Editorial: Shutting down Boracay

WE have to admit it, it is a cesspool. The hint of ammonia in the air while you walk the powder fine white sand should give you an idea that there is indeed a problem, a problem that has long been raised to the attention of the government, but which no one had the balls to do something about.

As a result, the tourist destination is now full beyond its carrying capacity, and because they were allowed to be sloppy about it, no one, not even the multi-billion properties really cared about their sewage.

Duterte saw that and would not let that pass.

"Now, during days when I was there, 'yungbasura was just 20 meters away from the beach," he said during last week's Manila Times Financial Forum held at the Marco Polo Hotel Davao, further describing Boracay as a cesspool.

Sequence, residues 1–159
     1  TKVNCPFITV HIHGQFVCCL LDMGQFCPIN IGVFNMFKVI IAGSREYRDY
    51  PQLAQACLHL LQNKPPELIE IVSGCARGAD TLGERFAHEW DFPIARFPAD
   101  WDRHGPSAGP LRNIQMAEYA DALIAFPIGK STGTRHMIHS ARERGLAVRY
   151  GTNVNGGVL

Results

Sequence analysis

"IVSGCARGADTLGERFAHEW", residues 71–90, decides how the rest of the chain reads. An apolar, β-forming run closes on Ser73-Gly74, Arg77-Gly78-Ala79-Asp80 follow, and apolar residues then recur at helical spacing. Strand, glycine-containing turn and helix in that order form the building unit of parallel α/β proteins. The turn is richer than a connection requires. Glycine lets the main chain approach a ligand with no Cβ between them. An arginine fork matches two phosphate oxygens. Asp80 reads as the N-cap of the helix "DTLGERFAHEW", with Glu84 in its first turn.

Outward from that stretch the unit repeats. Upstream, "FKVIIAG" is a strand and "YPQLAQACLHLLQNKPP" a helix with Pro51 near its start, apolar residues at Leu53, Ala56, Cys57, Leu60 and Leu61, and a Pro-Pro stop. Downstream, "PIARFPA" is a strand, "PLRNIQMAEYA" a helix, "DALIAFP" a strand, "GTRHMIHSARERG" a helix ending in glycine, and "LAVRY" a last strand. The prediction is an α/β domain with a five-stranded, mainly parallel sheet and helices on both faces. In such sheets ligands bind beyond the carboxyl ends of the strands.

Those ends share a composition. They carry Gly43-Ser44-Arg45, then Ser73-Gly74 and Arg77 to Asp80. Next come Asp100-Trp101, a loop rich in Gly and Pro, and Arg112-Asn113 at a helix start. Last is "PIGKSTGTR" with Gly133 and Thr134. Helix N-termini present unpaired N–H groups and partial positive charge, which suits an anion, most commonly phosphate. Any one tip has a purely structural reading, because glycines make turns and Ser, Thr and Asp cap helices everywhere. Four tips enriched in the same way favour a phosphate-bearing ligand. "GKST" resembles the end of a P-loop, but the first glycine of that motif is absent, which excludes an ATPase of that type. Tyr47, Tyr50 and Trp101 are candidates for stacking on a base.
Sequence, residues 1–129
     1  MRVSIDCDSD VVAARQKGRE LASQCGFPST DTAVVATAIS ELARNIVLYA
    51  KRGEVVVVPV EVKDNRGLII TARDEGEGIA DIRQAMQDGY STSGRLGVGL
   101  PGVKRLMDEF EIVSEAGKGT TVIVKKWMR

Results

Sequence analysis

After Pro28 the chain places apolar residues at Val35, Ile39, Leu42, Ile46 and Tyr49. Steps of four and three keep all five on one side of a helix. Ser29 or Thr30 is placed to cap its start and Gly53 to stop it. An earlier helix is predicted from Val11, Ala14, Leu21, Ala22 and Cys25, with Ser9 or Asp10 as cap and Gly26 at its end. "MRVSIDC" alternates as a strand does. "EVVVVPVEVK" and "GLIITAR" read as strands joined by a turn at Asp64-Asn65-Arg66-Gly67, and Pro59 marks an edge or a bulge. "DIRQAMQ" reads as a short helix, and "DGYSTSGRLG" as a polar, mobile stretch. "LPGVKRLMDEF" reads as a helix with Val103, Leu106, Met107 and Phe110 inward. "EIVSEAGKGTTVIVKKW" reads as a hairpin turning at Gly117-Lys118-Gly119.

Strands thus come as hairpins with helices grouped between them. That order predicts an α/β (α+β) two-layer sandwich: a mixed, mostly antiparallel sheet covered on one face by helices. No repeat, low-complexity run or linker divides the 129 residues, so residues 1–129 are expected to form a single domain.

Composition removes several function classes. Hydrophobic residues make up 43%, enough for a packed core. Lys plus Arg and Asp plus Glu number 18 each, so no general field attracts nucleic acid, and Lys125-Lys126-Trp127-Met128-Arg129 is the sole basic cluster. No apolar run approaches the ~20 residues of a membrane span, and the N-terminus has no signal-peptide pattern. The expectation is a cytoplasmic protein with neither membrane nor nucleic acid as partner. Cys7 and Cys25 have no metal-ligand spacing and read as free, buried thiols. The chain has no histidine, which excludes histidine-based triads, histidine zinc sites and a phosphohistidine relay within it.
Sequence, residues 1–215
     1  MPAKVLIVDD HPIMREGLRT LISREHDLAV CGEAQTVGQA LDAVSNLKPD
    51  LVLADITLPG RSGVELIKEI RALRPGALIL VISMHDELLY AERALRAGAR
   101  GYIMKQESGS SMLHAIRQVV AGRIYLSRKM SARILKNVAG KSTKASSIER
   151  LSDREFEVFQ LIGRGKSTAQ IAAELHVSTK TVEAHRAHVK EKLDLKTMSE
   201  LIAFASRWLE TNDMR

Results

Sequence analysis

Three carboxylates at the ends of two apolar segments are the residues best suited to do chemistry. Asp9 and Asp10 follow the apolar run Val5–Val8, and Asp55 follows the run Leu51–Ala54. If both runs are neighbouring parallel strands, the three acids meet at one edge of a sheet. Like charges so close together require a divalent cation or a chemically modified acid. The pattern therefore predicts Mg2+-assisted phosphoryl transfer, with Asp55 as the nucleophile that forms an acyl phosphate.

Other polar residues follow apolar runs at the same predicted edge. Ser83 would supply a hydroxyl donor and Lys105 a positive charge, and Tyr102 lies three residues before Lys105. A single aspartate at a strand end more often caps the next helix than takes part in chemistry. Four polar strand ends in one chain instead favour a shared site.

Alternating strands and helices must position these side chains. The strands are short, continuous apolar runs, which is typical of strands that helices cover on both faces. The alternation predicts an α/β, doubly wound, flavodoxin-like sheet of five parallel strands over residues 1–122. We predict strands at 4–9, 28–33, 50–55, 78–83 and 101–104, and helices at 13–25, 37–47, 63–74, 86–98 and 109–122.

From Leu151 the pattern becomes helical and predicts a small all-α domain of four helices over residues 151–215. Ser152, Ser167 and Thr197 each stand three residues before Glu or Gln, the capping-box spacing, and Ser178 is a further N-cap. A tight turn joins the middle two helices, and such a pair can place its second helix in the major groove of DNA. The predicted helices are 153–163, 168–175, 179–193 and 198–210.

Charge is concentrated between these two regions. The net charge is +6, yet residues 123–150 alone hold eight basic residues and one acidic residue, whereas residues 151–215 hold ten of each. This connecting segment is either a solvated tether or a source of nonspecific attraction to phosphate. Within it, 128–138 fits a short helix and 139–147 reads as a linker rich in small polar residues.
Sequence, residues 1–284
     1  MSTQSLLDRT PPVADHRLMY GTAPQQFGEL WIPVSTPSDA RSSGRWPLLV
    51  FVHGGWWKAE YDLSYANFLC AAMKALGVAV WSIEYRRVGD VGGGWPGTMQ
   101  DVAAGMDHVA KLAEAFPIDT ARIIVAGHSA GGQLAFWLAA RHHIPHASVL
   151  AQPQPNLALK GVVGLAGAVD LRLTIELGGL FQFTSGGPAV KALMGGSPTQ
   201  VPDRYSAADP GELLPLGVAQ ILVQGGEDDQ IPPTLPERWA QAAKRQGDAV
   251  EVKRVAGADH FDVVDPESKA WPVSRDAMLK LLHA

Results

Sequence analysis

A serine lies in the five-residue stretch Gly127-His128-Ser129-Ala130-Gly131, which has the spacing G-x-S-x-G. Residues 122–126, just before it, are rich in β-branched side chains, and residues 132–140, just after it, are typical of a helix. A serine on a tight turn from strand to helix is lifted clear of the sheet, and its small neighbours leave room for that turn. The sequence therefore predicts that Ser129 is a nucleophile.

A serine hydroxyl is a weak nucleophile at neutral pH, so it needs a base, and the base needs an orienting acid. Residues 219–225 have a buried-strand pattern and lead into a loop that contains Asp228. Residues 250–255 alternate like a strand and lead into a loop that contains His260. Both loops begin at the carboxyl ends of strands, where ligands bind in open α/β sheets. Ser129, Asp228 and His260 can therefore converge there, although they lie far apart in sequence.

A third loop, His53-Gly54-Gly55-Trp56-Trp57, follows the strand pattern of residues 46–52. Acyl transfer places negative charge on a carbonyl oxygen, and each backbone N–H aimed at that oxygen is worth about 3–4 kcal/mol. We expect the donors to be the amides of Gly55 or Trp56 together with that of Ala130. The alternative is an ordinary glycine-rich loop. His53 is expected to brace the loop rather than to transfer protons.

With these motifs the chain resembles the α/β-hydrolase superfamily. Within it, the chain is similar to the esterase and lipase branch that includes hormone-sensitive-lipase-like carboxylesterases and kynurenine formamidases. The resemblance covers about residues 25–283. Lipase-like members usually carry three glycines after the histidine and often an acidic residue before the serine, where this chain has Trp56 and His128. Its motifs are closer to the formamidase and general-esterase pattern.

"At a distance you see a… cotton balls of Boracay its white sand. But you go into the water, it's smelly. Smell of what? S***,:" he said, and the reason is because this island destination never emphasized the need for a working and appropriate sewerage system that will keep the sewage off its waters.

Porous as island soil is, the tons and tons of sewage from all establishments there all find their way to the sea.

"There will be a time that no more foreigner will go there because he will have
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